This stuff called "race gas" RACE GAS | Racing Fuel Concentrate claims to raise octane by 4 full octane numbers with 2 ounces per gallon. So 93 becomes 97. $163 for case of 6 @ 32 ounces per. Basically one can per tank full. That's getting a little steep. Hopefully I can walk that fine line that Jim was talking about with properly set up carb and careful timing control, and only need minimal if any booster. Don't really have much of a choice short of pulling my engine and doing a complete rebuild. Plus these were stock heads in 1969. I refuse to cave into the man giving us crap gas! lol
 

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Do you know any drag racers? They might sell you some left over fuel from last year for less than new stuff. Some use it all, some have leftovers which would be more than ample for use in an old school street car.
 

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Here's the reality: If you want to stick with your current combo, you can run a real, actual octane booster (like TEL130), race gas, or aviation gas. I know of no other 'octane boosters that actually do anything, other than turn the spark plug electodes funny colors. If you intend on putting realistic mileage on the car, you'll need to drop compression ratio, and do it with different heads or dished pistons. BTDT myself, over the decades. Run race gas in my '65 GTO, which sees less than 500 miles a year, and dropped the CR on my '67 GTO, which now runs on pump gas and sees about 3,000 miles a year. If your car can run on pump fuel, believe me, you will drive it much more often.
 

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If you are anywhere near an airport, you can buy 100 octane low lead for your "Cesna". You have to bring tanks because they won't put it into a motor vehicle.
 

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Here is an interesting PDF for a product said to increase octane rating. It talks of the 3 types of octane boosters used in fuels. The thing I thought interesting is: "Wondering whether the octane booster product you’ve been using contains MMT, or oxygenates? Here’s how to find out. Request a copy of the Material Safety Data Sheet (MSDS). Manufacturers are legally obligated to provide this information. Most importantly:Beware of octane booster products that contain oxygenates!"

You will also see a tab up top that tells about regulations and registering fuel additives.

Interesting was it also pointed out that the 90 octane rating simply had more ehtanol added. Hmmmm.:nonod:

http://www.epa.gov/oms/fuels/registrationfuels/

Also found this product that seems to show up on many forums of various muscle car types. Has a blending page to figure octane boost. http://wildbillscorvette.com/OctaneSupreme01.htm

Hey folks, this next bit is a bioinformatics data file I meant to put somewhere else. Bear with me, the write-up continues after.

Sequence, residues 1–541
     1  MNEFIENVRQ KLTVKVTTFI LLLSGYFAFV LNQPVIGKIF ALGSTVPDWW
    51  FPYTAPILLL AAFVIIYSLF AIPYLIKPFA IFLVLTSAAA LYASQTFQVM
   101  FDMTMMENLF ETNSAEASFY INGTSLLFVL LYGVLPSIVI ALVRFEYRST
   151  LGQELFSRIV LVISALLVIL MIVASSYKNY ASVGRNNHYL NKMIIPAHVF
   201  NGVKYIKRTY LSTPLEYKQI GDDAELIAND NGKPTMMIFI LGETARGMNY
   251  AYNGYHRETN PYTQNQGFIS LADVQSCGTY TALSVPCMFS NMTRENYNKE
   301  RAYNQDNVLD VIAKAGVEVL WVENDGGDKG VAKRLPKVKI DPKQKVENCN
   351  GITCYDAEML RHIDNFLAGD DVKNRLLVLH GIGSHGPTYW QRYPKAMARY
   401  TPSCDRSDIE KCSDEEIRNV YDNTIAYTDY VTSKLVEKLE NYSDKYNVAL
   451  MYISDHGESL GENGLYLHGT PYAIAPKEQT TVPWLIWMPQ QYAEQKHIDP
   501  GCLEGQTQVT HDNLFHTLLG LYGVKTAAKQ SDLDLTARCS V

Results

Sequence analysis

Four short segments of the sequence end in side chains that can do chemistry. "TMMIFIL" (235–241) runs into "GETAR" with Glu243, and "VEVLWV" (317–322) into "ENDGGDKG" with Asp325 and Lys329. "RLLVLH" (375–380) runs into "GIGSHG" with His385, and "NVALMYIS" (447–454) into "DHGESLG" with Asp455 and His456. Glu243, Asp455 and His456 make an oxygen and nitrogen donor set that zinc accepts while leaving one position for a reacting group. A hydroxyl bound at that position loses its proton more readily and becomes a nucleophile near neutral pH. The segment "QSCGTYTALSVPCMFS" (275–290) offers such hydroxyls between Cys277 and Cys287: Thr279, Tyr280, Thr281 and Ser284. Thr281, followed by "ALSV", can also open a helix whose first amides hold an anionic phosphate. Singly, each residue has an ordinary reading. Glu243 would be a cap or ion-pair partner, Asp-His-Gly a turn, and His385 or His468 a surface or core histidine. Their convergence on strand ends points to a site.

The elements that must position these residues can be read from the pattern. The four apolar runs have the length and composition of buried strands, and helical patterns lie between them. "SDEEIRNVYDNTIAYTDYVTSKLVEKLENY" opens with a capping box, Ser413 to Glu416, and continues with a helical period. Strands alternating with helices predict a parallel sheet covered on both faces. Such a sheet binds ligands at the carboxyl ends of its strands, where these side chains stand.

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The TEL130 or Octane Supreme are one in the same, from Kemco. This stuff works excellently because it is Tetraethyl lead. It isn't cheap, but you get what you pay for. I've used it myself, and it works.
 

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Discussion Starter #16
Do you know any drag racers? They might sell you some left over fuel from last year for less than new stuff. Some use it all, some have leftovers which would be more than ample for use in an old school street car.
Unfortunately I don't. I do know a pilot though that can get me airplane fuel. He said that's 100 octane. About a $1 a gallon more than pump gas. We'll see if I need anything first and then come up with a plan of action if I do. It sounds like if I'm careful with timing and carb set up, and run the engine cool I might be ok. If not I'll punt and come up with another plan. But thanks for the suggestion.
 

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Well Ed, sounds like you're bound and determined to go ahead with this anyway despite all the folks who've tried to warn you. Do yourself a favor and make very frequent examinations of your spark plugs with a magnifying glass. If you see shiny specs, that will be flecks of aluminum coming off your pistons from detonation --- regardless of whether you can hear it or not. When you see that, and you're almost sure to, stop running the engine and deal with the problem in the right way. Otherwise, you're very likely to damage the engine beyond the point where it can be repaired.

Bear
 

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Discussion Starter #18
Well Ed, sounds like you're bound and determined to go ahead with this anyway despite all the folks who've tried to warn you. Do yourself a favor and make very frequent examinations of your spark plugs with a magnifying glass. If you see shiny specs, that will be flecks of aluminum coming off your pistons from detonation --- regardless of whether you can hear it or not. When you see that, and you're almost sure to, stop running the engine and deal with the problem in the right way. Otherwise, you're very likely to damage the engine beyond the point where it can be repaired.

Bear
Thanks Bear.. I'll do that.